But while Spicer approaches such social commentary several times, he never pulls the trigger. Worse yet, he builds to a point where it seems certain that he will. Among the clichés he sprinkles as satire—Taylor’s husband Ezra’s (Wyatt Russell) art being merely painting hashtag wisdom atop others’ work, or Ingrid’s landlord/love interest Dan (O’Shea Jackson Jr.) trying to make a career as a screenwriter via fan-fiction spun from his unabashed love for Batman—are clever machinations that propel us towards a collision course of real versus fake that desperately wants to vindicate Ingrid as empathetic and expose Taylor as a vapid soul-sucker. There’s even a wonderful scene between Ingrid and Ezra that dives below their manufactured façades before everything derails.

Then Taylor’s manic brother Nicky (Billy Magnussen) enters for no reason other than to unmask Ingrid. But we don’t need him to do this because Ingrid and Ezra’s heart-to-heart alowed her to do this herself. That breakthrough moment reveals how she’s been led astray and still possesses the capacity to stop. And she might have done so were it not for Nicky threatening to blackmail her. This one act ruins all the progress made to render Ingrid redeemable by forcing her to spiral even further into a hellish world of vanity and lies. Social media is completely tossed aside as a prop that’s no longer necessary while the plot moves forward with the escalating danger of an unhinged psychopathic loner against a world beholden to an unrealistic views of normalcy.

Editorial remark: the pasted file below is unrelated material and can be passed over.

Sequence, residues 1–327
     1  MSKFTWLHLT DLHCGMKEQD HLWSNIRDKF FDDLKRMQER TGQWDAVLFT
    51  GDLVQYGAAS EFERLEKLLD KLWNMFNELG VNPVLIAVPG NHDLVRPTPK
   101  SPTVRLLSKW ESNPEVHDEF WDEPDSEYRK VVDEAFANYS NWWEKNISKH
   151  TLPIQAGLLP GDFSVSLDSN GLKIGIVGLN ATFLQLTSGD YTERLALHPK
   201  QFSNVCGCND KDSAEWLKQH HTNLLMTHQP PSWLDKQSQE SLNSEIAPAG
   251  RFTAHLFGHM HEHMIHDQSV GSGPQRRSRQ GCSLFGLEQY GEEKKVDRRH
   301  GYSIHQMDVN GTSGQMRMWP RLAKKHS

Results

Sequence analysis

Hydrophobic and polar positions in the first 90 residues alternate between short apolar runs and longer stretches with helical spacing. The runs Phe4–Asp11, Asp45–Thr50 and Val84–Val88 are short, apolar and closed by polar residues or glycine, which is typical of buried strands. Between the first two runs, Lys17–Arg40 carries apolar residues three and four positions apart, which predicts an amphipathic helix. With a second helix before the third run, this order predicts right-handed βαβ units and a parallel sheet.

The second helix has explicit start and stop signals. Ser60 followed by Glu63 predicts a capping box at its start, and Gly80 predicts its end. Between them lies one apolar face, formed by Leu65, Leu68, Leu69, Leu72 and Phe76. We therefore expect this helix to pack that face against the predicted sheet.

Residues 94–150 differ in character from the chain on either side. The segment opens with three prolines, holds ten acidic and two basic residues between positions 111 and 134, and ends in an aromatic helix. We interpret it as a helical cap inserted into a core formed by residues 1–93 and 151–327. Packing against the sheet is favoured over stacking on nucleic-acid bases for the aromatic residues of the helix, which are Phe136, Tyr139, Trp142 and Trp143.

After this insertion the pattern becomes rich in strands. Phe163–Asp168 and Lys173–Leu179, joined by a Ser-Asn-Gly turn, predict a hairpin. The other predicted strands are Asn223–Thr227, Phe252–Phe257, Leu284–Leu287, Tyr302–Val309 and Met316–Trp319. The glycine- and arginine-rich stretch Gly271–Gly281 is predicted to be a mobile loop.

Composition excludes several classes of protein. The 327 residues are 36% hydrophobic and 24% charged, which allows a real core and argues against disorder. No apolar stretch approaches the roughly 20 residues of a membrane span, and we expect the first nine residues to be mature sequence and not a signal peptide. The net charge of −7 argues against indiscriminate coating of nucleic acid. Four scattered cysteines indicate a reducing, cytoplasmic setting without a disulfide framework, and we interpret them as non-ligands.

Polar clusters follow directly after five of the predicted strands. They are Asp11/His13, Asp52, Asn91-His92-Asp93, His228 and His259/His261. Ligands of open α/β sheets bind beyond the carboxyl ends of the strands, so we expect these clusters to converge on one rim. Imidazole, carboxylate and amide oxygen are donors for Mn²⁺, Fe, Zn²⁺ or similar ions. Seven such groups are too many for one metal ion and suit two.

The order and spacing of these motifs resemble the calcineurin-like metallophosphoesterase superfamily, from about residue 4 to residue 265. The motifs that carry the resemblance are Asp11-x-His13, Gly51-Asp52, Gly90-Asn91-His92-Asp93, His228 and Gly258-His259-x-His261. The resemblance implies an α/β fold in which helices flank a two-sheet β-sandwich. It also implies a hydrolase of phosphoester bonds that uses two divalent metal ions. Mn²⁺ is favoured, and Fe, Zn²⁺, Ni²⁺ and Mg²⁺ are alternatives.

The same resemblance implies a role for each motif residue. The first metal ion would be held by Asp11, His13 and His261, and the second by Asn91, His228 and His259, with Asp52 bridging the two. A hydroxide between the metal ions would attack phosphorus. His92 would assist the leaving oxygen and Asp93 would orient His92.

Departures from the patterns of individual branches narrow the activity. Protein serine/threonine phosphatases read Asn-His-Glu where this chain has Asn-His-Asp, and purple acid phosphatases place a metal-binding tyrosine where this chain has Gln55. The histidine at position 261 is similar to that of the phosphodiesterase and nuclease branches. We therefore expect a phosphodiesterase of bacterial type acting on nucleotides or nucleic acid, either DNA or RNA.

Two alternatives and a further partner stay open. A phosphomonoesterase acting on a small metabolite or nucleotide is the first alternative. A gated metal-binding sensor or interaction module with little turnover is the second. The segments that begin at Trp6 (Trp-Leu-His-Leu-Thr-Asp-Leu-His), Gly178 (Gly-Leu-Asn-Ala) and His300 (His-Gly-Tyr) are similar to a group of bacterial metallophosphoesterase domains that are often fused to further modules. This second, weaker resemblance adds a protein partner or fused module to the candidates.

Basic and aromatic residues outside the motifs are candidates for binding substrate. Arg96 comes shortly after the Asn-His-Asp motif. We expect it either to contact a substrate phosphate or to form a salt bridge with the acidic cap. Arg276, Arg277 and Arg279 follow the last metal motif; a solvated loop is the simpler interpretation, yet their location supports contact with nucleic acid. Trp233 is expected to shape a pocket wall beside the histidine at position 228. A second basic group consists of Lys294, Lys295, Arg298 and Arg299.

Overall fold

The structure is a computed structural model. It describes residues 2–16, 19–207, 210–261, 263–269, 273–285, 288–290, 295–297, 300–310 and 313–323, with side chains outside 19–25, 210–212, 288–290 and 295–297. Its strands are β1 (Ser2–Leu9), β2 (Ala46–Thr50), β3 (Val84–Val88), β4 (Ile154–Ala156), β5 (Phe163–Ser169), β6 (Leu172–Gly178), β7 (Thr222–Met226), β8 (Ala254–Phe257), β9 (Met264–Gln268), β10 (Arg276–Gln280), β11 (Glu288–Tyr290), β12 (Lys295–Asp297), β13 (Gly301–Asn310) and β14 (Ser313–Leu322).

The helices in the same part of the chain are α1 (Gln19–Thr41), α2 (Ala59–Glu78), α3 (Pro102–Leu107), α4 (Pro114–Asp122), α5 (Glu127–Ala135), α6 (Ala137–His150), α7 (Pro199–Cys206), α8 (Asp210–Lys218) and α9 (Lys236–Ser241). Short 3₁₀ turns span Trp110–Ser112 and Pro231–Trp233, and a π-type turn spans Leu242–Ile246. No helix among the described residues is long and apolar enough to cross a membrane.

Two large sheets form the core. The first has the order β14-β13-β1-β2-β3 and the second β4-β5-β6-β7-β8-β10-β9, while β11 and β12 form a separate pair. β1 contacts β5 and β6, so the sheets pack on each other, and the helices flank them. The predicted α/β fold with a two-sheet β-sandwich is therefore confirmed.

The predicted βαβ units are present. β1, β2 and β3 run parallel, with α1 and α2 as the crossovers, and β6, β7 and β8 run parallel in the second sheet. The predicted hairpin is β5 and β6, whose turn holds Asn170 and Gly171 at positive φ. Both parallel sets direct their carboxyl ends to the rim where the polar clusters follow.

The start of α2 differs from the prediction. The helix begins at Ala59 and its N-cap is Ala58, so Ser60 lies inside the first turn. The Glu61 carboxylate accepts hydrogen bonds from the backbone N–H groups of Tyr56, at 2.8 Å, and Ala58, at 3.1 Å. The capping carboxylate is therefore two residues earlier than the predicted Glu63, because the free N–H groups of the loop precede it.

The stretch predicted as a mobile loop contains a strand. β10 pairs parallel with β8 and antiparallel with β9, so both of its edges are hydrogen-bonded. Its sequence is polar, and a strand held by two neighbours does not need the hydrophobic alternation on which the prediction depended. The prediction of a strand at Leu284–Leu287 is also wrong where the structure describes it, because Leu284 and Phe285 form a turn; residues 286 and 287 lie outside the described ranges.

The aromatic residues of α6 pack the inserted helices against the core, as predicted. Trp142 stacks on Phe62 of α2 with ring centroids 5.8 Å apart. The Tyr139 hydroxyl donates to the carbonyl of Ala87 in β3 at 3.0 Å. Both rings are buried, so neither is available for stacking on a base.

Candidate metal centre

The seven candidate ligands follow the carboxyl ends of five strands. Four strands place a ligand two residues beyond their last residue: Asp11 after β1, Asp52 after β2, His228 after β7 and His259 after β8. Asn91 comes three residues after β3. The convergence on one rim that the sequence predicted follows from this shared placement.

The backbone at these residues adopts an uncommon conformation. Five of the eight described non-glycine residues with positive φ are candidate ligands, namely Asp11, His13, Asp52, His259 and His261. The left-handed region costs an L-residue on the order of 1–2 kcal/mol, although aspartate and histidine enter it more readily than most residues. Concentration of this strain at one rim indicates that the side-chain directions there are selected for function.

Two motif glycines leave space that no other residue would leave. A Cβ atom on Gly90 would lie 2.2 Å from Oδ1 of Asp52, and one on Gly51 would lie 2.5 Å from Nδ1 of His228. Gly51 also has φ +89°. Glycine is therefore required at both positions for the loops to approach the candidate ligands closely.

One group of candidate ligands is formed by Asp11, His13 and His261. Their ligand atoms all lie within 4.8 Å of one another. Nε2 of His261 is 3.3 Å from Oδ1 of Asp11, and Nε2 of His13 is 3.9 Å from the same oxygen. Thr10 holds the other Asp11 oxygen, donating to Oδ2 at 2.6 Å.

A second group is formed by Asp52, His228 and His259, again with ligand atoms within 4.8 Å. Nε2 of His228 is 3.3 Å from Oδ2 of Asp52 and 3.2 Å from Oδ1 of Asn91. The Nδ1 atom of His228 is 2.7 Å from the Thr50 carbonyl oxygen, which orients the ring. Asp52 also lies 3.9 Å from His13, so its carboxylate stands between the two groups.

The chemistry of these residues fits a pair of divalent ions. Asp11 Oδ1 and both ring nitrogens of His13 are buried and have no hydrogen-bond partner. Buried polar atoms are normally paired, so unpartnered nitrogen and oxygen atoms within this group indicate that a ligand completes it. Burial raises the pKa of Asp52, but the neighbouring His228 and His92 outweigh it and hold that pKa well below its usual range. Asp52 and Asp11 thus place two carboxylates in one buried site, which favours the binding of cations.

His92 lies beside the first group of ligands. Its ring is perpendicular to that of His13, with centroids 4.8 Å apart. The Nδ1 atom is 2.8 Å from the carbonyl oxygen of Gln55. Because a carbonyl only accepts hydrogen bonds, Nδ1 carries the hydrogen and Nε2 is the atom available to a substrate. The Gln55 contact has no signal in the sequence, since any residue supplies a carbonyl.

As such, the film becomes less a depiction of social media’s corruption and more of proof that a new social order has arrived. Rather than place Ingrid as the common man able to see past the deceit for the capital gains that Internet notoriety provides, she’s transformed into the outsider who must pave her own way towards glory. Because glory is the ultimate goal as set by Spicer and Smith—quantifiable popularity forever winning out over any semblance of humanity Ezra, Dan, or Ingrid might retain. So, in the end, no one is redeemable here. Everyone strives for fame and discovers that it has less to do with them and more to do with the audience they cater to. Ingrid Goes West thus fails to shed light on anything we don’t already inherently presume.

There’s no message to learn when everyone proves to be opportunistic and accepting that tragedy is as much a commodity as success. Plaza and Olsen are fantastic at playing their characters with self-aware cliché, Magnussen always excels as a pretty-boy douchebag, and Jackson Jr. and especially Russell show the potential to be more than the pawns they are. They’ve all embraced the roles Spicer has given them; he simply doesn't include any room for them to grow or adapt. They’re there to make us laugh at them rather than to give us a reason to laugh at ourselves. And despite the fact that they all have real problems that any bad behavior could help excuse, it’s revealed that they’ve actually become bad people in the process. Such hollow cynicism just isn’t that interesting.

Score: 5/10 

Rating: R | Runtime: 97 minutes | Release Date: August 11th, 2017 (USA)
Studio: Neon
Director(s): Matt Spicer
Writer(s): David Branson Smith & Matt Spicer